Adding to the problem, the drop in the stock prices experienced by the regional banks since the failure of SVB has greatly reduced their ability to raise capital through equity issues. To minimize the risk of a run on the banks, the Fed created a backstop lending program, providing the banks with the funding they need to avoid having to sell bonds and realize the losses (providing loans at the face value of the collateral, not the market value). And by guaranteeing all deposits, not just those within the FDIC limits, the Fed hopes to avoid a broader run.
Crisis avoided, but Fed’s task is complicated
While a financial crisis has been avoided, at least for now, the Fed’s task of fighting inflation has been made more difficult. If it continues to raise interest rates, it could cause more financial distress. On the other hand, if it does not, inflation may become more difficult to subdue. The view that the Fed would be more constrained in raising interest rates led to a dramatic rally in the bond market (with the benefit of significantly reducing the unrealized losses on bank balance sheets). For example, the yield on the two-year Treasury note fell from 5.05% on March 8th, before SVB’s failure, to about 3.9% after the Fed announcement on March 22nd. And the yield on the 10-year note had fallen from 3.98% to 3.45%.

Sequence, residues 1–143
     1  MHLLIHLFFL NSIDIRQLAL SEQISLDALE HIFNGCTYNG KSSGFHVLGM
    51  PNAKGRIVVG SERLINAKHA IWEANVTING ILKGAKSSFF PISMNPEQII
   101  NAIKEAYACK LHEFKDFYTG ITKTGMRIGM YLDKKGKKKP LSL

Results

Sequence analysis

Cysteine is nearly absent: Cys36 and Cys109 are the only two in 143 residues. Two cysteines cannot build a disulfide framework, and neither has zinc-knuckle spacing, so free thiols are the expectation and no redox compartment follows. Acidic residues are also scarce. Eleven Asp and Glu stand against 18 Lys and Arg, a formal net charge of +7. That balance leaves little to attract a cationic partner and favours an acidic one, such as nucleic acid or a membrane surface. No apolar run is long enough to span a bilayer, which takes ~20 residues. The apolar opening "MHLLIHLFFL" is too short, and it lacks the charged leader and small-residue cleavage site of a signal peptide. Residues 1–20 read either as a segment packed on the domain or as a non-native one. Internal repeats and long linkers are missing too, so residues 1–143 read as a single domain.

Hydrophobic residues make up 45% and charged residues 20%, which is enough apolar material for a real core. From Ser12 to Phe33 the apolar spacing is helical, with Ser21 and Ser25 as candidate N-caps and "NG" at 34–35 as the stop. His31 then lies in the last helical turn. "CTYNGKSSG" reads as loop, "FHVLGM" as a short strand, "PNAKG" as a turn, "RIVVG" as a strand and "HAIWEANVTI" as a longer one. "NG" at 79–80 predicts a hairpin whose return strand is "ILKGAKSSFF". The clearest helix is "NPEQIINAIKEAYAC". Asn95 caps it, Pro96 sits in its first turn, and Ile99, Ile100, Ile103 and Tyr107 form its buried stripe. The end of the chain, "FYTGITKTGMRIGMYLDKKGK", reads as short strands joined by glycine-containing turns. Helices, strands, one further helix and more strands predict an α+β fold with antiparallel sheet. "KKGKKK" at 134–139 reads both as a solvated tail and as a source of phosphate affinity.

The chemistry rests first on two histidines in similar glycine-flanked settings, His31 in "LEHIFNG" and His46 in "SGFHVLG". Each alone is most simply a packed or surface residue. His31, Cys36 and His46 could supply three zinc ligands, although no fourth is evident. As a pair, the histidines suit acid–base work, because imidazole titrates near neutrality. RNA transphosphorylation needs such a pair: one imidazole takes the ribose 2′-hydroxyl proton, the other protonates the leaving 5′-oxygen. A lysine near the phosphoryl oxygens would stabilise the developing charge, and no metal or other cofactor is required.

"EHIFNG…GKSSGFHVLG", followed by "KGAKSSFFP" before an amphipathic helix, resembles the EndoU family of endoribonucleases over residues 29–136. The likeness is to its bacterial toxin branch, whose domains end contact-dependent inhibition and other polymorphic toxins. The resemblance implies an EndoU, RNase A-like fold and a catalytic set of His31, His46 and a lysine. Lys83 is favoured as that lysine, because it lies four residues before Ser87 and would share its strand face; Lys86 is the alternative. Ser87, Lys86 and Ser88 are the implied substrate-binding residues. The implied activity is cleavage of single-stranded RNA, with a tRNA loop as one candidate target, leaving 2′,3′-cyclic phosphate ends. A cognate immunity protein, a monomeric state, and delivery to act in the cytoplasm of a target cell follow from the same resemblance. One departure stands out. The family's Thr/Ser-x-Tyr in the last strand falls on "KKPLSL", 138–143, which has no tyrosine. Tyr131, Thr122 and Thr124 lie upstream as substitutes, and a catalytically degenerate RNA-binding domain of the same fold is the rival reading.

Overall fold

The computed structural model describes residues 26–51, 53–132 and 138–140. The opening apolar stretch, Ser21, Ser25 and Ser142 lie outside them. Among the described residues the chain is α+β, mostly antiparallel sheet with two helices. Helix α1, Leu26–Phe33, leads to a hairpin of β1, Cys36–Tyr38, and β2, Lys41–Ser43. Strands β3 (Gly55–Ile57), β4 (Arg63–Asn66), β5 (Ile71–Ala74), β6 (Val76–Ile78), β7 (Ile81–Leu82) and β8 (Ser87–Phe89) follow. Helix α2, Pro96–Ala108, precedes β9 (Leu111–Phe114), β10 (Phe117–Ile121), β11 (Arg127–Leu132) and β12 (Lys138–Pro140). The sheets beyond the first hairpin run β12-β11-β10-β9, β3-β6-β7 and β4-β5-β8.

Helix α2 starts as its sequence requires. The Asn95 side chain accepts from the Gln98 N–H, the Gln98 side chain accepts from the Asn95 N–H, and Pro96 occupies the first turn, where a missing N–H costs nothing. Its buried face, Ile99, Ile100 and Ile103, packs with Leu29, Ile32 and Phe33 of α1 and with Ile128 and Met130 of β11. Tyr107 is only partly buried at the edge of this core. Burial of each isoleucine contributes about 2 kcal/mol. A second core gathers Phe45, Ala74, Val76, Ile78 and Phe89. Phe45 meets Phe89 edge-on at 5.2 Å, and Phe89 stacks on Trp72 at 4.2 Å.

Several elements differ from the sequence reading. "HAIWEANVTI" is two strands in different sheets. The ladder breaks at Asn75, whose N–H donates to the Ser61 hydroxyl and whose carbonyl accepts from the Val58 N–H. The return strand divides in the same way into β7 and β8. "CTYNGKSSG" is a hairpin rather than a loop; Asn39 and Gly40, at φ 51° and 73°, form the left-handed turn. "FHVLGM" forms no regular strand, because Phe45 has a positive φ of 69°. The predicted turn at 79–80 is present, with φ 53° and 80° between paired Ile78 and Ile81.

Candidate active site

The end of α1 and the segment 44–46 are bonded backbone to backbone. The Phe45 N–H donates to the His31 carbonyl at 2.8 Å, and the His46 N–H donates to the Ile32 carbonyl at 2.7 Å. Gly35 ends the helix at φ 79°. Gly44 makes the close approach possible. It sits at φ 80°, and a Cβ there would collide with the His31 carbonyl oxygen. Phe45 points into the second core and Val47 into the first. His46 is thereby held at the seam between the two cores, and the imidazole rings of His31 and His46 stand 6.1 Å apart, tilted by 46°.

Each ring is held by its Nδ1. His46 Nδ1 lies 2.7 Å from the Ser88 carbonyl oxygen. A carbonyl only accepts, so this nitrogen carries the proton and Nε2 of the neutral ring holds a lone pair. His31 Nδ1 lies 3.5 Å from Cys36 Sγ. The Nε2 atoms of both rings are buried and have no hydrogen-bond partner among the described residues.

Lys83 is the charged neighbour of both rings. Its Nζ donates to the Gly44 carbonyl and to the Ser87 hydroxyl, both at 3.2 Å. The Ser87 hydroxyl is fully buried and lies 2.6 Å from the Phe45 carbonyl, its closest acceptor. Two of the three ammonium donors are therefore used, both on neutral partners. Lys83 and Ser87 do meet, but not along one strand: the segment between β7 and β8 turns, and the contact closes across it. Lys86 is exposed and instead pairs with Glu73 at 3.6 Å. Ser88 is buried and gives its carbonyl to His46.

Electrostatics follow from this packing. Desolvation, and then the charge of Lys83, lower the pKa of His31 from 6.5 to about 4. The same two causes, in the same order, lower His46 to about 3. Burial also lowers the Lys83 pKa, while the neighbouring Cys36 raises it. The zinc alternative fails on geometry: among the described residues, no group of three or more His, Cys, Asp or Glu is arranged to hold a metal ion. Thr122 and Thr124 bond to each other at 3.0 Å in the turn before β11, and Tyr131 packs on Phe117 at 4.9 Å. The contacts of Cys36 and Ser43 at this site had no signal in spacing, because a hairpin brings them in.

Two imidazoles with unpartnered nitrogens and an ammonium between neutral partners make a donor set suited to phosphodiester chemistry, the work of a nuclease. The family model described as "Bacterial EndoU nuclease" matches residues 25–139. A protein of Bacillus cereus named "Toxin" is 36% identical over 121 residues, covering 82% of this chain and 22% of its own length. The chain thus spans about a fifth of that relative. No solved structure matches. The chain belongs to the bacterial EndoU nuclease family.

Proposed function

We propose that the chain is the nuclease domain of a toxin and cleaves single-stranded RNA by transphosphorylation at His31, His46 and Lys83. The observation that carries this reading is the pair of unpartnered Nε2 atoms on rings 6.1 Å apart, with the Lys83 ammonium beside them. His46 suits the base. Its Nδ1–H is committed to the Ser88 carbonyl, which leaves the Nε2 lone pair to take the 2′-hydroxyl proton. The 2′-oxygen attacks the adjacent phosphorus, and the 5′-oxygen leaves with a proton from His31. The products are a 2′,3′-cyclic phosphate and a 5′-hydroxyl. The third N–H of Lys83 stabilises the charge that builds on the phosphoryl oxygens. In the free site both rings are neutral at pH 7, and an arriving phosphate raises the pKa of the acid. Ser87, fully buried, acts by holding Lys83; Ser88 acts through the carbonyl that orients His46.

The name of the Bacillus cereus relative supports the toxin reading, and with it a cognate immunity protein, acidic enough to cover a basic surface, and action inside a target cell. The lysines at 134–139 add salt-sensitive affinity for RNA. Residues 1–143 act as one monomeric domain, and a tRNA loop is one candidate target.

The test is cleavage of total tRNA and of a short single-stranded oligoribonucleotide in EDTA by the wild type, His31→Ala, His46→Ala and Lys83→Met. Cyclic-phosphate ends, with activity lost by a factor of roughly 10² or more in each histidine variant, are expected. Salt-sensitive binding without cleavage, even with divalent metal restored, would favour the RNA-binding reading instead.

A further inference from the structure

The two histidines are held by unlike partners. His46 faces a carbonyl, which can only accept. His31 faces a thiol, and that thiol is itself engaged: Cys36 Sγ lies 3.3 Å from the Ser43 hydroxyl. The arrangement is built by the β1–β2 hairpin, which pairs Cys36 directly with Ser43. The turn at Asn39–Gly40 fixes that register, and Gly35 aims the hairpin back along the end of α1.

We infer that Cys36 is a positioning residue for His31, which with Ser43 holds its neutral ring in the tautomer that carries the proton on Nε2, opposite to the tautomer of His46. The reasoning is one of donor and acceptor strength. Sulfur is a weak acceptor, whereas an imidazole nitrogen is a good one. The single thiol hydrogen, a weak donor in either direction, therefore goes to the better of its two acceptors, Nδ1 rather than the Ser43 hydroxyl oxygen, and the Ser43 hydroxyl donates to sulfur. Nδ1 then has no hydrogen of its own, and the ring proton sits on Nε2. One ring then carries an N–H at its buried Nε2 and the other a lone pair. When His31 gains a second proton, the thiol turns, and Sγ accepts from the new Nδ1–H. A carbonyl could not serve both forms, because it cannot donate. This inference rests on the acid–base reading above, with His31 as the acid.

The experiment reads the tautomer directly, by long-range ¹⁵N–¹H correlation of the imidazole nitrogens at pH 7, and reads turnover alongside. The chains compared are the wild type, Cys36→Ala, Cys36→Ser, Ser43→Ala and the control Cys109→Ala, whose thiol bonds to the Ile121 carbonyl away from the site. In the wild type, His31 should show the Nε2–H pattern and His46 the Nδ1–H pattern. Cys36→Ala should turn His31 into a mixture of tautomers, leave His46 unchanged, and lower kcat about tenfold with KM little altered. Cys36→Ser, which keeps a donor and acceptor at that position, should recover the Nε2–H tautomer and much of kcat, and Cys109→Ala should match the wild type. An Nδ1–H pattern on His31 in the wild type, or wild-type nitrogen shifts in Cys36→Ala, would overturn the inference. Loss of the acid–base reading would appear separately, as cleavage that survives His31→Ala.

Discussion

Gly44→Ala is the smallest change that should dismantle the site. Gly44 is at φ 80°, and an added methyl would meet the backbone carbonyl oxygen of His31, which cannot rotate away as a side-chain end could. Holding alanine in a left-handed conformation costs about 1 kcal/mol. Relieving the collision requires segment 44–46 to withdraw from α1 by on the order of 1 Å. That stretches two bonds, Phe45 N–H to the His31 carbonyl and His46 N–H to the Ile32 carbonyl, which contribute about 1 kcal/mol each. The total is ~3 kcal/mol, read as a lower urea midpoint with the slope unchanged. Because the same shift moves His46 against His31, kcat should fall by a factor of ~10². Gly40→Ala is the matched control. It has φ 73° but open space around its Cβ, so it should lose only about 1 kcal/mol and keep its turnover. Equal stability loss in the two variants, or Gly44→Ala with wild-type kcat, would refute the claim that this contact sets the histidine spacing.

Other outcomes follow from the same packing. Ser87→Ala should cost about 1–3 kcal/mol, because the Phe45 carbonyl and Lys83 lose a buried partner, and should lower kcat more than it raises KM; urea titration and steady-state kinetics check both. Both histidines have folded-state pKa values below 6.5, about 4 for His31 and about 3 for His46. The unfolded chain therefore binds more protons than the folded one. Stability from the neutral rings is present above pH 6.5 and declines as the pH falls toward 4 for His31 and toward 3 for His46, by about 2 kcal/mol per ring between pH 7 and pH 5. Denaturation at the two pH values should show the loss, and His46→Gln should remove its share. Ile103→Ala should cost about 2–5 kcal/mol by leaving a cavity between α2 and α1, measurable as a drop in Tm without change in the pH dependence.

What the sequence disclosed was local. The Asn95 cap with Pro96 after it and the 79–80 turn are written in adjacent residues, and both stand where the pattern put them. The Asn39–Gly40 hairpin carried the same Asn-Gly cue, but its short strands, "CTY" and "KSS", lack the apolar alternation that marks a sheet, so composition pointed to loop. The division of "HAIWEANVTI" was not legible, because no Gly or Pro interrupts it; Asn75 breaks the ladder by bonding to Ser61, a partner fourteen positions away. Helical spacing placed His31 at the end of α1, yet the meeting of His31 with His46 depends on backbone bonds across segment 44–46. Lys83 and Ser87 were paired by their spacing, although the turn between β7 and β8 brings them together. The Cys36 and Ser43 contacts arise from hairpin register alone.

Another significant problem was created by the failure of SVB – the bank was an important provider of working capital lines of credit to many venture capital-backed startups. Those lines are gone and will have to be replaced, which takes time. Valuations of VC-backed companies are way down, and credit conditions have tightened. That could make it difficult for some to get funding. In addition, the general tightening of financial conditions also increases the downside risk to the economy because the regional banks impacted are large lenders to smaller businesses and the commercial real estate and industrial loan markets – banks smaller than the largest 25 account for around 38% of all outstanding loans and 67% of commercial real estate lending.